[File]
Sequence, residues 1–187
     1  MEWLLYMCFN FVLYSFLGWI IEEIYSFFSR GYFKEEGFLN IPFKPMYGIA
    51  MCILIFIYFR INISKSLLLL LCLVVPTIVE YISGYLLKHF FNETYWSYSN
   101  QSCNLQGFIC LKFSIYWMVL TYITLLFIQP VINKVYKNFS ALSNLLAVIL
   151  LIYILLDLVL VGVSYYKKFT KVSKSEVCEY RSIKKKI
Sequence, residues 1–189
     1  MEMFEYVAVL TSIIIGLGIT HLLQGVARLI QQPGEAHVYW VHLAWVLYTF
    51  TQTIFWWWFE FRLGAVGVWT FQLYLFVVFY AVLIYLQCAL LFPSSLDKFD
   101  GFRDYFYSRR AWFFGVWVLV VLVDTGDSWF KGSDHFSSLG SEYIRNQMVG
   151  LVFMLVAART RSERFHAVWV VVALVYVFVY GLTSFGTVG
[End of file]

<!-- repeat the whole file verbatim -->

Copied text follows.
Sequence, residues 1–187
     1  MEWLLYMCFN FVLYSFLGWI IEEIYSFFSR GYFKEEGFLN IPFKPMYGIA
    51  MCILIFIYFR INISKSLLLL LCLVVPTIVE YISGYLLKHF FNETYWSYSN
   101  QSCNLQGFIC LKFSIYWMVL TYITLLFIQP VINKVYKNFS ALSNLLAVIL
   151  LIYILLDLVL VGVSYYKKFT KVSKSEVCEY RSIKKKI
Sequence, residues 1–189
     1  MEMFEYVAVL TSIIIGLGIT HLLQGVARLI QQPGEAHVYW VHLAWVLYTF
    51  TQTIFWWWFE FRLGAVGVWT FQLYLFVVFY AVLIYLQCAL LFPSSLDKFD
   101  GFRDYFYSRR AWFFGVWVLV VLVDTGDSWF KGSDHFSSLG SEYIRNQMVG
   151  LVFMLVAART RSERFHAVWV VVALVYVFVY GLTSFGTVG